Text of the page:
The partial genome of ‘Ca. S. acetioxidans’ encodes two [NiFe] hydrogenases. One is a homolog to the Escherichia coli Hya hydrogenase which consists of a large and small cytochrome c3-containing subunit and a cytochrome b subunit. Only the small cytochrome c3 subunit has a twin-arginine translocation (TAT) signal and is anchored in the membrane. The cytochrome b was predicted to be transmembrane (k121-2698, [NiFe] hydrogenase 1). The TAT system can transport the complete hydrogenase dimer across the membrane when the TAT signal peptide is located only on one of the subunits via a so-called hitchhiker mechanism (Rodrigue et al., 1999). The active site on the large subunit is therefore probably extracellularly oriented and involved in H2 oxidation or production and electron transfer from or to menaquinone via cytochrome b. The second, [NiFe] hydrogenase 2, (k121-3777) consists only of a large and small cytochrome c3-containing subunit without signal peptides to translocate it over the cell membrane. The small subunit is anchored in the membrane, probably intracellularly. Such ‘group 5’ [NiFe] hydrogenases are involved in H2 oxidation at very low H2 concentrations (Peters et al., 2015). Most SAOB described so far encode for [FeFe] hydrogenases that are involved in H2 production (Manzoor et al., 2018). A cytoplasmic [NiFe] hydrogenases was also found to be expressed by S. schinkii during SAO, and was thought to be involved in intracellular H2 sensing for subsequent energy-transducing reactions since the gene was located next to a response regulator receiver gene (Manzoor et al., 2016). In ‘Ca. S. acetioxidans,’ the [NiFe] hydrogenases 2 genes surround a methylenetetraydrofolate reductase gene (MetF) and are probably directly involved in acetate metabolism (see section “Energy Conservation”), either in regulation of gene expression of other hydrogenases in response to SAO, or to produce H2 during SAO.
The partial genome of ‘Ca. S. acetioxidans’ also contains several formate dehydrogenases (FDHs). Three of them contain 4Fe-4S ferredoxin-containing beta subunits (k121-3286-cds8, k121-4883-cds7 and k121-6301-cds1). Most FDHs seem to have the active site intracellularly and formate and H2 can therefore be interconverted in the cytoplasm. One FDH alpha subunit has a TAT signal, indicating that it is exported and thus might be involved in extracellular formate conversion (k121-1471-cds2). The genome does not encode formate transporters and it therefore seems most plausible that the SAOB produces H2 as an end product during SAO. Yet, it could potentially convert H2 to formate outside of the cell, using extracellular [NiFe] hydrogenases and formate dehydrogenases.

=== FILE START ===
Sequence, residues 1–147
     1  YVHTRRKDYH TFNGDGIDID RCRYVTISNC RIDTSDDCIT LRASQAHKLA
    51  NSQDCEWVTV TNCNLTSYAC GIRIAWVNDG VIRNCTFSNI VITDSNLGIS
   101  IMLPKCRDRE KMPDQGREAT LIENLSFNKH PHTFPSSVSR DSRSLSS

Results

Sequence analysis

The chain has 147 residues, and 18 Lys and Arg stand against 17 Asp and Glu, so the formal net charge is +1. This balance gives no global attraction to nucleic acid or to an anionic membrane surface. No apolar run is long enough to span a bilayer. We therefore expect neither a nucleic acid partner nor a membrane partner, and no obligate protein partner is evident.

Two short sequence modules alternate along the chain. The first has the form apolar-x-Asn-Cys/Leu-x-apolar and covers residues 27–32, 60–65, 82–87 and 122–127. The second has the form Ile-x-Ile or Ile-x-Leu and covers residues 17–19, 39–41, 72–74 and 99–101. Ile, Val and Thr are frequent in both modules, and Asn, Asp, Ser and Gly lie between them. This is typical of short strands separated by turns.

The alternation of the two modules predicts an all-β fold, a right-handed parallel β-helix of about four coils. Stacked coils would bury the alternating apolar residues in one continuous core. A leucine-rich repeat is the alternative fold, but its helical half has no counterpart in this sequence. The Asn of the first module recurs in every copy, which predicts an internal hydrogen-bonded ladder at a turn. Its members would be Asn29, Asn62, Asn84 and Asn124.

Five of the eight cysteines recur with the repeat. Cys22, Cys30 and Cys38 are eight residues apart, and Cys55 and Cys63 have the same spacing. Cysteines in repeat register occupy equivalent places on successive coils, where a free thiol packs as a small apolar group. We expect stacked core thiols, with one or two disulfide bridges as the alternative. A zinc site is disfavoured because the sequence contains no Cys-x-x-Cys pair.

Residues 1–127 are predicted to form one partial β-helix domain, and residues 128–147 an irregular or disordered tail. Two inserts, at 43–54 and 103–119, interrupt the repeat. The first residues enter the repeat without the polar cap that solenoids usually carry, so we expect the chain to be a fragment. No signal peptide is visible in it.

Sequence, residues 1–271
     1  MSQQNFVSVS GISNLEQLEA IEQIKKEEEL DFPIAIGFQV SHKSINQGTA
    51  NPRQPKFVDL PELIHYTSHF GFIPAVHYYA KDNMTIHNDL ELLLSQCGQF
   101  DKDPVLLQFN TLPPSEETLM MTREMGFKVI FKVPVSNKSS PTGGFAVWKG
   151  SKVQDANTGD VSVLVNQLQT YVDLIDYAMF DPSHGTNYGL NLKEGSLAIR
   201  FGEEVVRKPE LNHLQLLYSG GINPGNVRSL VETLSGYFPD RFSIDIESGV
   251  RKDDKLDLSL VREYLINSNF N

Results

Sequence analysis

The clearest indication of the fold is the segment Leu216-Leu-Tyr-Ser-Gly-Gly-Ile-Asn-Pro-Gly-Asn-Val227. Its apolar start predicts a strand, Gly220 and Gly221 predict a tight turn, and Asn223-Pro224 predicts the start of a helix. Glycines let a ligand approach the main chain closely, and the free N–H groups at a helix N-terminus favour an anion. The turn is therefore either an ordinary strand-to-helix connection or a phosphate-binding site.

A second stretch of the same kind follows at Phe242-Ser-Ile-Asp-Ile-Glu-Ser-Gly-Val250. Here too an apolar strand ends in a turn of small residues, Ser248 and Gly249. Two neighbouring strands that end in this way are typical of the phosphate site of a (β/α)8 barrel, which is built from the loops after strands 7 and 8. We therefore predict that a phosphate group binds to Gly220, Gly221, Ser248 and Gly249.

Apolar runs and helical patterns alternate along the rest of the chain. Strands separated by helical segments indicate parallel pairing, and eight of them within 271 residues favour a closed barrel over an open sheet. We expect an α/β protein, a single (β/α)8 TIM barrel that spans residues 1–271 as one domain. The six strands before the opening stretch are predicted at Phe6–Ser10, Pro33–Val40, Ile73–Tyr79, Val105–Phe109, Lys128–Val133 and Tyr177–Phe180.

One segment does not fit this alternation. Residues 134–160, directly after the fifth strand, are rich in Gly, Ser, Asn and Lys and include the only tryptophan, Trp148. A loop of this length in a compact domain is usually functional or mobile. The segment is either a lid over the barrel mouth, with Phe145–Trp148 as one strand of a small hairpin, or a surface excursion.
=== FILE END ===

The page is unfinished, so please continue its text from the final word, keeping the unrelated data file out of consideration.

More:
Acetate Activation and Uptake
‘Ca. S. acetioxidans’ does not contain the conventional acetate kinase (ACK) gene for activating acetate to acetyl phosphate (acetyl-P) that was found in genomes of the previously characterized SAOBs Pseudothermotoga lettingae strain TMO (Zhaxybayeva et al., 2009), Tepidanaerobacter acetatoxydans strain Re1 (Müller et al., 2015), Syntrophaceticus schinkii strain Sp3 (Manzoor et al., 2016), Thermacetogenium phaeum strain DSM 12270 (Oehler et al., 2012), and Clostridium ultunense strain Esp (Manzoor et al., 2013b). It also does not contain the gene for phosphotransacetylase (PTA), that further converts acetyl-P to acetyl-CoA. The enzymes PTA and ACK are mainly operational at high acetate concentrations. ‘Ca. S. acetioxidans’ does have the gene that encodes for acylphosphatase (acyP) that could also produce acetyl-CoA from acetyl-P (Figure 3). For acetate activation, it does have genes encoding AMP-forming acetate-CoA ligase (k121-3905) that catalyzes the conversion of acetate to acetyl-CoA via acetyl-AMP in Bacteria and Archaea for anabolic acetate assimilation. It is reversible in vitro, but the reaction is irreversible in vivo with presence of intracellular pyrophosphatases (Wolfe, 2005). It, therefore, serves as the main route for acetate assimilation at low acetate concentrations since the enzyme was considered to have a high affinity for acetate with a low activity (Starai et al., 2003; Berger et al., 2012). In its natural environment, an acetate oxidizer must cope with low acetate concentrations, which corresponds to the high affinity acetate activation via AMP-forming acetate-CoA ligase. It also has genes for an AMP-forming phenylacetate-CoA ligase (k121-6797/k121-3180) that can activate phenylacetate. This enzyme also acts, albeit less specifically, on acetate, propionate and butyrate (Martinez-Blanco et al., 1990) and could therefore also be responsible for acetate activation during SAO. Since very little energy can be conserved from SAO, it is surprising that ‘Ca. S. acetioxidans’ only has a gene for the AMP-forming acetyl-CoA synthetase because this enzyme requires two ATP molecules per molecule of acetate whereas the ACK/PTA system requires only one ATP (Berger et al., 2012). However, it is possible that the generated pyrophosphate (PPi) is not completely hydrolyzed by pyrophosphatases and a part is used for transfer of phosphate groups to other intermediates, thereby conserving some energy from the reaction (Berger et al., 2012). Multiple genes were indeed encoding H+/Na+ translocating pyrophosphatases (Figures 3, 4 and Supplementary Data S1) that hydrolyse PPi for proton or sodium translocation and thereby possibly creating a proton or sodium motive force, respectively (Baykov et al., 2013). This mechanism was indeed postulated to be an adaptation to low energy supply (Luoto et al., 2013) and has been found in all other SAOBs described so far (Manzoor et al., 2018).